What is a Marketplace?
It’s a platform where buyers and sellers can come together and interact.
Humanity has been built on marketplaces.
The earliest examples were the Greek Agora, the Persian Bazaars and the Arabian Souqs and the Latin Mercatus (the origin of the word Market)
They originated from a simple need. Humans needed many different products to survive and several different sellers to provide them.
Back then, you couldn’t get your eggs, chicken, bread and fresh underwear from the same seller.
The original Bazaars were thought to originate in and around Persia and the Middle East (as early as 3000 BC), typically near Palaces and Mosques, which provided them with large footfalls of people as well as a measure of protection.
These Bazaars (and Souks) tended to be large, open-air markets that played host to fixed sellers as well as a host of travelling caravans who would display their goods, creating the foundations of Trade as we know it.
The New-ish Normal
The origins of e-commerce are numerous, but most sources agree that The Boston Computer Exchange, founded in 1982, was one of the first pioneers of e-commerce.
BCE served as a bulletin-board system where users could sell used computers.
Between 1982–1995 there were several smaller attempts at e-commerce, including Books Stacks Unlimited, an online bookseller that was acquired by Barnes & Noble.
The ball really started rolling in 1995 when Amazon and eBay opened their doors for business.
The Whole Schbang
From 1995 onwards, the World has moved inexorably towards Marketplaces.
We interact with them on an everyday (if not every hour) basis.
Uber/Grab/Ola/Gojek are marketplaces allowing us to move from Point A to Point B with (hopefully) minimum fuss and maximum efficiency, connecting drivers to consumers.
Deliveroo/Zomato/Doordash and hundreds of others connect us with a variety of restaurants to sate our voracious appetities.
Expedia/Skyscanner/Makemytrip allow us to view various travel options and pick the cheapest one (you know it’s true).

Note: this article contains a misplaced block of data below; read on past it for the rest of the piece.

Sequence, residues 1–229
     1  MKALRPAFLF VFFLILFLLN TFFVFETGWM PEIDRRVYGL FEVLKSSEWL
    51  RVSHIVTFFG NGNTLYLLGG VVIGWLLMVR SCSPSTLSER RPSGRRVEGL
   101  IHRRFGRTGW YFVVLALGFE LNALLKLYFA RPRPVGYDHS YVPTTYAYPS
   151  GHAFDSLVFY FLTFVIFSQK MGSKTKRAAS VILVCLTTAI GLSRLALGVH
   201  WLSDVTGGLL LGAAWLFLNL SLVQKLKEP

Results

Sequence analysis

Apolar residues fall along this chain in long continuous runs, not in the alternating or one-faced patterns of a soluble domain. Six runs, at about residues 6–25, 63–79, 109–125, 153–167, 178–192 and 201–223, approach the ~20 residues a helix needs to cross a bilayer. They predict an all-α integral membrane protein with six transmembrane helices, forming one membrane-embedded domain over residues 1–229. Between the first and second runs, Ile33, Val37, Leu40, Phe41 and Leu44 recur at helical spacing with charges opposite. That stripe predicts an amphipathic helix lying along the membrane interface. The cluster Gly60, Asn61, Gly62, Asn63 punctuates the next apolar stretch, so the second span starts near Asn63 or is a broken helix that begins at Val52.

Amazon and it’s like allow us to buy products from a variety of sellers, virtually globally.
Alibaba allows us to manufacture anything our business desires with a few clicks and an awkward phone call.
Airbnb lets us interact with a host of hosts around the world, renting their homes for our wilder vacations.
What characterizes a marketplace?
I’ll go into my key points a marketplace should cover:
#Trust: In my opinion a key element that a marketplace covers for consumers, whether a single customer or a business, is Trust.
Trust is one of the biggest barriers to conducting any form of commerce, and it comes in three distinct flavours.
- Qualitative → One of my biggest concerns when looking to buy something, whether personally or professionally, is Quality. Who am I buying it from? Will they deliver the right product or a shitty knock off? Will I actually receive my product this decade?
- Financial → I’m about to send Mr Zhao’s Very Authentic Teapots a large amount of money to buy an ornate mother-of-pearl teapot. How do I know his business actually exists? That I can trust him enough to wire him money, aside from his kind assurances that he isn’t planning on using it all for a vacation, laughing at my stupidity?
- Resolution → Assuming that Mr Zhao did actually send me a great quality teapot in a reasonable amount of time, but it was damaged in shipping.
Who can I reach out to in order to resolve this dispute?